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Asbestos Risk Assessment

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Inhaling asbestos fibers during your occupation is strongly linked to developing cancer, especially mesothelioma, which attacks the linings of the body's internal organs. Any asbestos risk assessment must take into account the following factors:

  • Type of asbestos
  • Length of fibers
  • How much was inhaled
  • How long a period it was being inhaled, and
  • Other health considerations such as smoking

Among ordinary citizens in the U.S. the risk is generally much lower than for those who work or worked in an environment where asbestos was openly used—mining, some manufacturing (fabrics, brake parts, cement, insulation).


Lung cancer asbestos

What is peritoneal mesothelioma? Peritoneal mesothelioma is a rare cancer that develops in the lining of the abdominal cavity, called the peritoneum. The peritoneum helps protect our organs in the abdominal area and also produces a lubricating fluid to help them move smoothly inside as we move around. This type is much rarer than pleural mesothelioma.

When you seek medical attention for sharp, continuing upper abdominal pain, and if you believe you've suffered asbestos exposure at some time in your life, the first thing to do is ask your medical providers, do you know the answer to the question, "What is mesothelioma?" If they are not familiar with the disease, you will likely have a hard time getting a correct mesothelioma diagnosis.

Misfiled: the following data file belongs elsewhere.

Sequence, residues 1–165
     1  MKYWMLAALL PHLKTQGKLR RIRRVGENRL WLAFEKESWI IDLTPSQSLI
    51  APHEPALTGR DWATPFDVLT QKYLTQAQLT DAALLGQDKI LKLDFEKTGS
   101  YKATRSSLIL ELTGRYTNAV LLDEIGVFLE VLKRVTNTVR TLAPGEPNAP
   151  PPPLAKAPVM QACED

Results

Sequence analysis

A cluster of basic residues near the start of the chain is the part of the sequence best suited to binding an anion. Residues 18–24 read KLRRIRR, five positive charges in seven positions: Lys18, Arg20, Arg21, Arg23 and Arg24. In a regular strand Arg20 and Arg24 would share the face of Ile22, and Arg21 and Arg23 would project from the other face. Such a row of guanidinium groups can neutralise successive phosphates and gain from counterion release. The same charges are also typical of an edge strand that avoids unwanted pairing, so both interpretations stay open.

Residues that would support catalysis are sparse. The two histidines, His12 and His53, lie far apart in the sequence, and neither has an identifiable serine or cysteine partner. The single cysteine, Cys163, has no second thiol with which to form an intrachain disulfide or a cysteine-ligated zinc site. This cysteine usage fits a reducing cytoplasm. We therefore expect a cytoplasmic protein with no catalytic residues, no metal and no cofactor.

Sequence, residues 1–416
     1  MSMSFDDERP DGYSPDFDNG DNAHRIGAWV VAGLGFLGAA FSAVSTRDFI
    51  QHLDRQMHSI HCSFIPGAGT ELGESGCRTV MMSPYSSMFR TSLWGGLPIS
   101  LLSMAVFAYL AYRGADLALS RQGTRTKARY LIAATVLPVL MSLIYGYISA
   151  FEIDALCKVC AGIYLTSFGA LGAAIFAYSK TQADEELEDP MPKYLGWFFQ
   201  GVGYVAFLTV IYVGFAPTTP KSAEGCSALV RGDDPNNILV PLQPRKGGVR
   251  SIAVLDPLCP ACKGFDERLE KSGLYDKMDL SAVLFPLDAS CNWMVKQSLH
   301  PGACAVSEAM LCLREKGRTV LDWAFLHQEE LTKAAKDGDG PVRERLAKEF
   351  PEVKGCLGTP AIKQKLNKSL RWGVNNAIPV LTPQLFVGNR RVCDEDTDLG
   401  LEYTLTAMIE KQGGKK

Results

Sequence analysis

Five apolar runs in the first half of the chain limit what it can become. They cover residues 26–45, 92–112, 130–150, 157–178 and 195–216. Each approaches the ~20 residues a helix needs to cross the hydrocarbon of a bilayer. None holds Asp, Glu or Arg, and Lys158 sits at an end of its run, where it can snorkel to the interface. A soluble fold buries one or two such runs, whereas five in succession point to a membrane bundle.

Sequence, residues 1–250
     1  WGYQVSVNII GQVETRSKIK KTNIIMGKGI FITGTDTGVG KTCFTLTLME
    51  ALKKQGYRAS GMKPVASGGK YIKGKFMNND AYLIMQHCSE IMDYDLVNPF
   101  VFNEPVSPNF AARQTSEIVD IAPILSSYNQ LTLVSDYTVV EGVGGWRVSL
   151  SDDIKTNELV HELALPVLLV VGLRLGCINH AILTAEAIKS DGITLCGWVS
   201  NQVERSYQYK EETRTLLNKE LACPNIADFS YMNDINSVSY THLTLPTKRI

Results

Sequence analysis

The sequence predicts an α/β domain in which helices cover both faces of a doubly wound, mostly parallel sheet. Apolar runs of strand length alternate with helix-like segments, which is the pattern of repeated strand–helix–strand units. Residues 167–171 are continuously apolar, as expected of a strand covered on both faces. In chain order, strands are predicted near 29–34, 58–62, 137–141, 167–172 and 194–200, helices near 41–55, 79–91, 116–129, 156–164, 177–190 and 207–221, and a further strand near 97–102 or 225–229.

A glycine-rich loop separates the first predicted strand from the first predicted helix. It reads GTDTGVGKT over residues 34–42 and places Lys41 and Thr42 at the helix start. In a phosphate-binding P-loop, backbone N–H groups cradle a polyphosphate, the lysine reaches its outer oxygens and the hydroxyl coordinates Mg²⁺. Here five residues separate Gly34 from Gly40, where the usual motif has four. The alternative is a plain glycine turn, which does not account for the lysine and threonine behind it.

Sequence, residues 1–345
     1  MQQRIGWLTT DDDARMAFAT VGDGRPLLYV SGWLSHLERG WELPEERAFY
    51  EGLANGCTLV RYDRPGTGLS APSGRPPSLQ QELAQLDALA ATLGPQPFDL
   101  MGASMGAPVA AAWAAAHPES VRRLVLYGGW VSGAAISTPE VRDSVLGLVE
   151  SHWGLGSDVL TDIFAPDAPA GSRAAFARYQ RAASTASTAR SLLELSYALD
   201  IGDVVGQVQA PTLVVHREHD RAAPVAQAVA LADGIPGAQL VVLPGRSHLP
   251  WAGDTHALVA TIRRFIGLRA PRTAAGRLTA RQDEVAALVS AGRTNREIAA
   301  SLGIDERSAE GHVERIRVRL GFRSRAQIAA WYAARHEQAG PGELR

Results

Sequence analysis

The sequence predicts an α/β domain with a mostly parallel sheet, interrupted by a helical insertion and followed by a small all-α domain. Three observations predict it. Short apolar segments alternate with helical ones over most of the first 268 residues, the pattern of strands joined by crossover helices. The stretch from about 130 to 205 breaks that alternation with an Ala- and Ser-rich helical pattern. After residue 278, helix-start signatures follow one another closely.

What is asbestosis?

What is asbestosis? Asbestosis is the name given to a disease that involves difficulty breathing and where the patient is known to have had exposure to asbestos fibers. Lungs can become scarred from enough of these fibers, and a person would have a hard time breathing. Asbestosis is most likely to develop among people who were exposed to asbestos for a long time. Symptoms usually don't show up until some years after a person's been exposed. But once it's diagnosed, the condition can become disabling, and death is likely if the person continues to be exposed.

Asbestosis has been occurring mostly in people who worked at jobs where they were exposed to asbestos. In the 1970s the federal government began controlling how asbestos and asbestos products were used, and now there are strict regulations. Since the 1940s, up to 10 million people risked being exposed to asbestos.

Today most asbestos exposure happens when people remove old asbestos products or tear down old buildings.